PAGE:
2. Embrace Effective Time Management: Work-life integration in ministry requires efficient time management skills. Begin by setting clear and realistic goals for both your ministry and marriage. Set aside specific blocks of time for different aspects of your life, ensuring that you allocate sufficient time for both ministry responsibilities and quality time with your spouse. Learn to delegate tasks and seek support from your team or congregation when needed. By managing your time effectively, you can strike a better balance between your ministerial duties and personal life.
3. Set Boundaries: Establishing clear boundaries is vital in maintaining a healthy work-life integration in ministry. Communicate openly with your spouse about your commitments, time availability, and expectations. Define specific times or days in a week dedicated solely to your marriage, where ministry-related interruptions are avoided unless absolutely necessary. Additionally, establish boundaries with your congregation and colleagues, helping them understand and respect your personal and family time. Healthy boundaries will not only protect your marriage but also enhance your overall effectiveness in ministry.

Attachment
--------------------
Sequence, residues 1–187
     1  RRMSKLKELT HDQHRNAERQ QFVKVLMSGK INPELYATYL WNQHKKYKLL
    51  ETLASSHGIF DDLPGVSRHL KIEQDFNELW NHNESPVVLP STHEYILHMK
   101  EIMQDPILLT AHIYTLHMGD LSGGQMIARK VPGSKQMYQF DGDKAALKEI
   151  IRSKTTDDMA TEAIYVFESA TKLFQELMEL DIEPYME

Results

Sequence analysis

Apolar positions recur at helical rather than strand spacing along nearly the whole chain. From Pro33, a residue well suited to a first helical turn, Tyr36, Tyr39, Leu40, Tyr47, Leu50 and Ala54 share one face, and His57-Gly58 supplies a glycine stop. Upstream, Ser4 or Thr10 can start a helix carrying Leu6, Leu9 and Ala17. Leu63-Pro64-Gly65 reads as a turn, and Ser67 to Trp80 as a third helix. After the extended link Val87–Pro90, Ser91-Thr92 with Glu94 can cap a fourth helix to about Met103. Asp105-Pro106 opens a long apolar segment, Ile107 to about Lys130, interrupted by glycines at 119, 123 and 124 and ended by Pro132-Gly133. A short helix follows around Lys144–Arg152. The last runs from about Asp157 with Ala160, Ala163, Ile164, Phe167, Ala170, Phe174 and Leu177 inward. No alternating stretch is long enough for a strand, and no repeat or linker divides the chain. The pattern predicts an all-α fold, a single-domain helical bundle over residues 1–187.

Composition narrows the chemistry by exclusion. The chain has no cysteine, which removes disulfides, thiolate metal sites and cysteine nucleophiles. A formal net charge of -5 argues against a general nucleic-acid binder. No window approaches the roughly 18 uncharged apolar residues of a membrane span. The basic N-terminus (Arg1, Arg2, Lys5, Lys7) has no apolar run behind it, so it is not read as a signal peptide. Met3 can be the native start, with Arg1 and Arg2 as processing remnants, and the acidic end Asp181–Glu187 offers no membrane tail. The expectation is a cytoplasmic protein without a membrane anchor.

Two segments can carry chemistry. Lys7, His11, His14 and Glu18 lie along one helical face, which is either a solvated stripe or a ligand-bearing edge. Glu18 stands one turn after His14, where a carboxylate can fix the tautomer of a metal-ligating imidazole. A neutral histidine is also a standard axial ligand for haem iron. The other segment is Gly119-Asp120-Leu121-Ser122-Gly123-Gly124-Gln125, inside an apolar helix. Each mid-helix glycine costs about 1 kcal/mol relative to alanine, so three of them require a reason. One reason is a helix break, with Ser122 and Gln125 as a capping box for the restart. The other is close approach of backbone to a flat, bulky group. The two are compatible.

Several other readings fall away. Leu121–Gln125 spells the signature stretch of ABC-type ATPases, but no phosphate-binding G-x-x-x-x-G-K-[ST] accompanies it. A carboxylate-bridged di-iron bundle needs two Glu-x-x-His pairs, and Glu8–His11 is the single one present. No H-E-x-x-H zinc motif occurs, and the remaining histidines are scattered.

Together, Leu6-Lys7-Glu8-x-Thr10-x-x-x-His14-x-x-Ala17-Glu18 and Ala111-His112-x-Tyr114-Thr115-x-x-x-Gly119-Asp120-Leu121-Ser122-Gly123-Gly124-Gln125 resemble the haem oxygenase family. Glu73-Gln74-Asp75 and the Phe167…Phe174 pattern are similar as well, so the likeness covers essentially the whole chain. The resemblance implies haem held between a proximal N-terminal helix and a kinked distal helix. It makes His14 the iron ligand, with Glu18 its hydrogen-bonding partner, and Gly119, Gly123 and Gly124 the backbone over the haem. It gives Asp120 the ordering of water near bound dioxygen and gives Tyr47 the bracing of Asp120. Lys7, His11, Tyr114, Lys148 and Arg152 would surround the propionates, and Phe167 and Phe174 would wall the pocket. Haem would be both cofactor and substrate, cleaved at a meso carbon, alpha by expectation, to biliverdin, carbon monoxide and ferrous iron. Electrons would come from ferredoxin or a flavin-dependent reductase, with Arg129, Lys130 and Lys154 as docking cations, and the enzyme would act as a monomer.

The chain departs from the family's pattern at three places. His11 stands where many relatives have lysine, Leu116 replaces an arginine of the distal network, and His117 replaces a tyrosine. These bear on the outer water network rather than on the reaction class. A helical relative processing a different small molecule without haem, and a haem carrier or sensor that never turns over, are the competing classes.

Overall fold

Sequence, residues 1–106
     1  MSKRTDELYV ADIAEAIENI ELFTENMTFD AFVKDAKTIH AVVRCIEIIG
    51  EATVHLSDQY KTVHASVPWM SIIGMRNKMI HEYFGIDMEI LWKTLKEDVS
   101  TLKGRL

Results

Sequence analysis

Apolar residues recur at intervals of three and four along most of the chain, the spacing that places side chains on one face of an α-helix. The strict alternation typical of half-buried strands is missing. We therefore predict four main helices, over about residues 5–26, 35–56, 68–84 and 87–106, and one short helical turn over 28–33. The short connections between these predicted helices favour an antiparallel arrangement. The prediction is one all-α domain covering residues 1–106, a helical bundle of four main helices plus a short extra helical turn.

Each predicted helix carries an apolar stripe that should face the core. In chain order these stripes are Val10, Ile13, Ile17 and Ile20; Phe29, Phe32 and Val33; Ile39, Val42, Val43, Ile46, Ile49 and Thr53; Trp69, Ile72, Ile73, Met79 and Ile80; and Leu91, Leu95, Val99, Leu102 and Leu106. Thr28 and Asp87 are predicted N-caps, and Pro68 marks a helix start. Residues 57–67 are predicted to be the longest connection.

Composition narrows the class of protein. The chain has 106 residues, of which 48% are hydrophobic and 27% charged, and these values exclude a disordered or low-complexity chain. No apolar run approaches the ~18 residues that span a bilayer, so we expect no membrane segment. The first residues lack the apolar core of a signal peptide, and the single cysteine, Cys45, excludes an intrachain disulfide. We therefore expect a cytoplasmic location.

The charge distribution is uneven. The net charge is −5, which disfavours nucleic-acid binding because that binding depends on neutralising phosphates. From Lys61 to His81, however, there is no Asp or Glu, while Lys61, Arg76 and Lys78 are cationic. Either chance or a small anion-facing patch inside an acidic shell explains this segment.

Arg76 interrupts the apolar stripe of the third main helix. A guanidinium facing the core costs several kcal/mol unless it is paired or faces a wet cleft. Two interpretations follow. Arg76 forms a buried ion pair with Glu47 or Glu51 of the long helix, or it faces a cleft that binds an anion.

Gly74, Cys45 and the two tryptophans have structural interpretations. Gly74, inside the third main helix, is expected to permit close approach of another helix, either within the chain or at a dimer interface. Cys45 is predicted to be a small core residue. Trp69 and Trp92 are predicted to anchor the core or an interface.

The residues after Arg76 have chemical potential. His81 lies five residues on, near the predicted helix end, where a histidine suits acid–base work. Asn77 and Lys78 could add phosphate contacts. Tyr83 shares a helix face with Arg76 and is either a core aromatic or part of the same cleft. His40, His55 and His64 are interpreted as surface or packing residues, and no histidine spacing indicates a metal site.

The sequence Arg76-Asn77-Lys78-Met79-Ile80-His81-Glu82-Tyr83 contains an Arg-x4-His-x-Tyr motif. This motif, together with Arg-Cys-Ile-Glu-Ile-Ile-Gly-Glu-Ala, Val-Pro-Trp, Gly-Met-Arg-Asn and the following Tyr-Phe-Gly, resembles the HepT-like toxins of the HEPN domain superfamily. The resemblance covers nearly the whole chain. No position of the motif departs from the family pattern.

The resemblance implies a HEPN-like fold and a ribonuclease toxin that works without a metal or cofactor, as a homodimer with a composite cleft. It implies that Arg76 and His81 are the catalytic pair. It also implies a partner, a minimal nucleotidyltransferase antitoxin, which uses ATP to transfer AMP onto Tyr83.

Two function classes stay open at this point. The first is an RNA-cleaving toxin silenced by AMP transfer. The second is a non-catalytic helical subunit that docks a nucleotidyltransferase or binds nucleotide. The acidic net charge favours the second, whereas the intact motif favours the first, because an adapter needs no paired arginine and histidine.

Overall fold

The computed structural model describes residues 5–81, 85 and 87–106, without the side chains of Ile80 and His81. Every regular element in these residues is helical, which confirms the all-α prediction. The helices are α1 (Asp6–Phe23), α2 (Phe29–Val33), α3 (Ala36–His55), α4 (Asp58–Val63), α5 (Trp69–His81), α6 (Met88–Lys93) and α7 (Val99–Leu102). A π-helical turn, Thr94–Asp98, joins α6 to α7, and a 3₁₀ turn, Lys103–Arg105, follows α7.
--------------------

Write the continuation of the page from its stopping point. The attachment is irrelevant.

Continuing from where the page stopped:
4. Create Intentional Space for Communication: A thriving marriage requires open and regular communication. Amidst the demands of ministry, it is essential to create intentional space for meaningful conversations with your spouse. Set aside designated times to listen, share, and connect with each other. This could be through daily check-ins, weekly date nights, or regular retreats. By making communication a priority, you can foster a deeper understanding, strengthen your bond, and navigate the challenges of ministry together as a team.
5. Seek Support and Accountability: Recognize that you cannot do it all on your own. Surround yourself with a supportive network of mentors, fellow pastors, or trusted friends who understand the unique challenges and demands of ministry. Share your struggles, seek wise counsel, and be open to accountability. Having people who can offer guidance and support will not only alleviate the burden but also provide fresh perspectives and insights.